Review: Hopscotch Is Best Avoided In Its Current Avatar
Many of its dishes and drinks do not justify their price tag. There are other teething troubles as well
Replacing Asado is a tough act to follow so expectations from Hopscotch, the newly opened bar and brasserie in Bandra, are naturally high. With a focus on fusion dishes and a menu incorporating various global cuisines, we were excited to try out the fare at Hopscotch. Read on to find out how it went.
The ambience is one thing that Hopscotch definitely has going for it. Right at the entrance is a game of hopscotch that will take you down memory lane. If you’ve ever played a game of hopscotch in your building compound, the numbers arranged in a sequence when you enter the property will surely put a smile on your face. There’s also a tic-tactoe game if you’re up for it. It’s also a good way to prep for the meal that follows as you look forward to the fusion dishes even as you cast your mind back to your childhood game.
We were offered a selection of selected dishes from each section of the menu. We tried the Mexican Red Bean Tortilla Soup (Rs 300) to start things off. Immediately, our spirits drooped as the soup reminded us of packaged tomato soup more than anything. Thankfully, the Mushroom Truffle Salad (Rs 450) helped to alleviate our mood. The salad lacked enough vinaigrette but everything else was pretty spot-on with the mushroom cigar turning into our favourite.
We turned our attention to the NY Style Gyro Chicken Tacos (Rs 350) next and Dilliwali Black Daal Thepla Nachos (Rs 400). Both the dishes failed to impress with their fusion quotient. The nachos tasted like normal nachos while the tacos lacked enough flavour to make the dish compelling.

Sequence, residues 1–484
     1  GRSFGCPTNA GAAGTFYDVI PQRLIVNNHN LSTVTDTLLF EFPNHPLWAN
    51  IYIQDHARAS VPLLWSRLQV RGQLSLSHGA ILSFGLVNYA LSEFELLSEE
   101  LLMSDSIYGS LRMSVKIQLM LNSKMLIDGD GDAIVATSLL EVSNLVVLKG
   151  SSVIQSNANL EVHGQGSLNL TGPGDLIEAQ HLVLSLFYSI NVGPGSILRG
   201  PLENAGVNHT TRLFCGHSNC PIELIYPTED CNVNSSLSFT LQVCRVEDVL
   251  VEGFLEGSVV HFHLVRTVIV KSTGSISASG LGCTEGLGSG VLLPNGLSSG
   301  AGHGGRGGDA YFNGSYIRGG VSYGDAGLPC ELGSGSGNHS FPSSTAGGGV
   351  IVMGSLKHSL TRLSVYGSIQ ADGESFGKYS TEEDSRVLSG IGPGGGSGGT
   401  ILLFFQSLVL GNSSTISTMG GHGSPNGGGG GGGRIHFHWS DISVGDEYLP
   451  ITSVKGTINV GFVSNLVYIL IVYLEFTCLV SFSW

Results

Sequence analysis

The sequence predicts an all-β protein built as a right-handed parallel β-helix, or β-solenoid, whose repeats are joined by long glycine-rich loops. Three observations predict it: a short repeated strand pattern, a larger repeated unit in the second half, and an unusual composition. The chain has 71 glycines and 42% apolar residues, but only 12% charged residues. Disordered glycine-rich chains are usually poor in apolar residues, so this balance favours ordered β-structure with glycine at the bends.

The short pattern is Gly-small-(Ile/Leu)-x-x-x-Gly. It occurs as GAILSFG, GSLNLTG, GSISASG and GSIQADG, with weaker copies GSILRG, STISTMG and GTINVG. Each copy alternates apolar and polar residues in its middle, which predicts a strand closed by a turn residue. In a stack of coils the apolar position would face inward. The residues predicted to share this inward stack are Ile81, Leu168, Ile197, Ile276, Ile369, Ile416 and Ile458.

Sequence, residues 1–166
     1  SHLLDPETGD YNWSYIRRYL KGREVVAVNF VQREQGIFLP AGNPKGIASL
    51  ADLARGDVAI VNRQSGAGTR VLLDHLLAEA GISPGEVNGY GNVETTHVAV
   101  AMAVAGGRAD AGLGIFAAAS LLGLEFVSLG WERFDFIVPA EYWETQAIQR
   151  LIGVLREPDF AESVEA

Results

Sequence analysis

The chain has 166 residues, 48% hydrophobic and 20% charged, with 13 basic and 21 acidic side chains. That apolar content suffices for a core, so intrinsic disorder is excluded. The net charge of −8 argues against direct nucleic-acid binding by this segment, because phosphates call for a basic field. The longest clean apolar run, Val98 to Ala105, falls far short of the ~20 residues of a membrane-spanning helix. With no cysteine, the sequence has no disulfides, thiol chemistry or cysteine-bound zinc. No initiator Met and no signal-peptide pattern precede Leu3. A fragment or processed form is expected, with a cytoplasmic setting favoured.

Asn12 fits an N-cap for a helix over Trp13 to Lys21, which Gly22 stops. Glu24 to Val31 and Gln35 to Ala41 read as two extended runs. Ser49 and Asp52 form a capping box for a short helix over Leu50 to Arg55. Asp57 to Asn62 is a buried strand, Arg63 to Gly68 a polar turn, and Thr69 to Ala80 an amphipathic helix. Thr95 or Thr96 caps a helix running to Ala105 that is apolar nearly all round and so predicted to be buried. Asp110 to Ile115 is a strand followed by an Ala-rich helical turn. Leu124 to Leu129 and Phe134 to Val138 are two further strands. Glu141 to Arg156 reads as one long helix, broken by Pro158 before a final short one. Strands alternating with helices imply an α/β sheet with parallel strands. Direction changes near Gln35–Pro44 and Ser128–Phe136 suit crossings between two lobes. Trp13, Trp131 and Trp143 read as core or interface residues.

We then got Malaysian Cottage Cheese (Rs 375) that also had a bit of Scotch Brite apart from the Malaysian curry sauce. That one really put us off for a while and we were seriously hoping that the dishes to follow make up for the huge blunder. Unfortunately, the Sambal Fish (Rs 475) was also a letdown in terms of flavor as well as size. The small portions didn’t really do justice to the fish at all.
We also had the Hopscotch Special Pad Thai (Rs 500), hoping that at least the specials would redeem the food. The edible bit turned out to be papad into which Pad Thai was generously served. Finally, we sensed some method to the madness on the menu. To finish off, we had Hopscotch Nutella and Butterscotch Ice-cream Buns (Rs 550) that failed to cover up for the disaster of the earlier dishes but nevertheless, left us with a sweet ending.
We were offered Hobscotch Coffee (Rs 450), a kahlua-infused espresso and almond syrup drink that had no trace of the latter. When we asked for the original drink, the mild almond syrup still couldn’t hide the overwhelming taste of Kahlua from the drink. We finally had to ask for Coffee Negroni (Rs 450) that was miles ahead in terms of taste and flavour compared to the previous drink.
The service staff at Hopscotch is mostly polite but not very attentive. You need to get their attention if you want something specific and even then chances are they will redirect your query to the manager or the chef. For example, when we asked about portion sizes for our dishes, we were surprised to hear different answers from the servers and chef for the same item. This happened on more than one occasion so we feel the need to point this out.
If you’re reading this far, then you probably wouldn’t be surprised to hear that we didn’t quite fancy Hopscotch. The chef assured us that certain changes and settling in is in order when we raised all the faults mentioned above. For now, we’ll give Hopscotch a single star purely for its nostalgic décor and setup. As and when the place improves over time, it might finally become a place to hang out with friends after a hard day’s work.
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